19-YO Loses Job After Nosy Mom Answers Questions On His Behalf During Virtual Interview

‘Beta yeh le tera khana,’ this is the line my mom uses to barge into my room every time I am on a video call with my friends. And no, she doesn’t stop there. After that, she unexpectedly joins our conversation and asks all my friends how ‘productively’ are they using their time during the lockdown. However, while I find it funny that she does so during my ‘me time’, I would be really pissed off if she ever disturbed me during my work calls.

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Speaking of which, for a 19-year-old guy, whose mom appeared during his virtual interview, things didn’t go as planned. A hiring manager, looking for a summer intern at a tech company, recently posted about a rather bizarre job interview he conducted online. Sharing his experience on Reddit, he wrote, how he had to schedule a virtual interview instead of a physical one because of the pandemic. The manager mentioned how he had shortlisted the boy, who was between his freshman and sophomore years of college, for the job.

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But when the manager commenced the interview by introducing himself, the boy’s mother interrupted the meeting and started introducing herself instead. She then went on to talk about her son’s work ethic. And, even though the manager found it a little odd, he politely requested the mom to let her son speak. However, not taking the hint, she kept coming into the camera frame during the interview and interrupting her son to answer questions on his behalf. After a few technical questions, that the boy answered correctly, the manager decided to cut the interview fairly short.

However, the manager’s unsolicited encounter with the boy’s mother didn’t end there. He further wrote,

I thought that was all over and done with until I’d gotten an email from a woman, a month later, asking about her son’s application, she seemed offended he hadn’t gotten an acceptance or rejection. It bothered me, I felt bad for the kid honestly.

Way back when I was a teenager, my mom used to pull the same shit, but luckily she only did that when I was 15 and working for a day-camp, not when I was an adult applying for engineering jobs. But I felt like this poor kid was getting his chances ruined because his mom wasn’t giving him the chance to apply on his own.

I sent an email back saying I was not at liberty to send information about an application to anybody but the applicant. I also asked HR to send an email to the kid saying sorry but we were not making him an offer. (It is something we usually do, but his rejection email must have slipped through the cracks with all the COVID craziness.)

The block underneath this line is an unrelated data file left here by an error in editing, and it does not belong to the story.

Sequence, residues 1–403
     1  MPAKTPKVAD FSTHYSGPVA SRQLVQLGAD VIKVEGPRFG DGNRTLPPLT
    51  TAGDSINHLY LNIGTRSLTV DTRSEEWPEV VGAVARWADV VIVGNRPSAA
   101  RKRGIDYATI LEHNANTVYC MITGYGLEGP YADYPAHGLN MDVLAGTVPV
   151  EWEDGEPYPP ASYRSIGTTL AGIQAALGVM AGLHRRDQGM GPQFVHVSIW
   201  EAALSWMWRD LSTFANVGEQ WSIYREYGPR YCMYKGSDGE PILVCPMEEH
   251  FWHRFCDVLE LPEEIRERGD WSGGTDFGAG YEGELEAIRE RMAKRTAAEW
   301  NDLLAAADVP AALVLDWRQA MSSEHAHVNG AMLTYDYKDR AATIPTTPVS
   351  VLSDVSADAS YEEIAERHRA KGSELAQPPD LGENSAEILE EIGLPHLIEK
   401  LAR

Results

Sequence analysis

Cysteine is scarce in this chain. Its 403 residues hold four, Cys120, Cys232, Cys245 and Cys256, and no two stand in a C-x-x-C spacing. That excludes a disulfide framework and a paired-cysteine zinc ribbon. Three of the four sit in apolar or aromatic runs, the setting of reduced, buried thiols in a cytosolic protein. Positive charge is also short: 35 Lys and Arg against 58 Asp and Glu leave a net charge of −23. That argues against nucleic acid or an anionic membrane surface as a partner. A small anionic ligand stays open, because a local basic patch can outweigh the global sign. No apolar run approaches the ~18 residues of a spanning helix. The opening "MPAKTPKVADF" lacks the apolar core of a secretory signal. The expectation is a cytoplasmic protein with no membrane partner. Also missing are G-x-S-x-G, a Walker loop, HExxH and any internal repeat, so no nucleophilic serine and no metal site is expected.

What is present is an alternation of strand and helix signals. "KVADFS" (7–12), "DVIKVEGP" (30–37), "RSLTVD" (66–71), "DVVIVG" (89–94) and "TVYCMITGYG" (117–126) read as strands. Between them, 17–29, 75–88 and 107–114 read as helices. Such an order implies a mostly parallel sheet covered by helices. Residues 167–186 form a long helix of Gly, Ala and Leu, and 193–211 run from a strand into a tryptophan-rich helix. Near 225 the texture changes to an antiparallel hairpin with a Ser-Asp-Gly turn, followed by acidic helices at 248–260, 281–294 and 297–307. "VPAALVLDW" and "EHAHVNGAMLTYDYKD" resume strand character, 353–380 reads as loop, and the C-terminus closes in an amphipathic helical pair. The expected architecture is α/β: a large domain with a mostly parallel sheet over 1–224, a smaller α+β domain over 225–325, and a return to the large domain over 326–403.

Anyway, after we sent that, I got a phone call from his mom, she had a forwarded copy of the email, and she was demanding answers. I said that I could not comment on the guy’s performance in the interview with her as she was not the applicant. If he wanted to reach out to me I was happy to give him some feedback.

However, I could say that regardless of his performance, her presence in the interview took him out of consideration for the position. We were looking for an independent and self-driven person for the position, and for that reason, it is important to see an applicant speak for themselves, follow-up themselves, etc.

I also said that, as a piece of advice, every hiring manager I’ve met in my career who sees someone other than the applicant answering questions during an interview, following up on the applicant’s behalf, etc… Would also put their resume in the “do not hire” pile. Since, while the applicant may be skilled and motivated, they need the ability to demonstrate those traits themselves.

She fucking blew up at me over that, kinda cussing me out to the point where I hung up.

Several people requested the interviewer to mail the guy about how his mother’s over-involvement cost him his job: 

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There was a good chance the guy would have been selected for the internship if his mother hadn’t interrupted the interview. Well, while caring for your child is important, it’s also advisable to let them grow as independent individuals. You need to have a little faith in your kid’s talent and abilities. Don’t you think so? Tell us!

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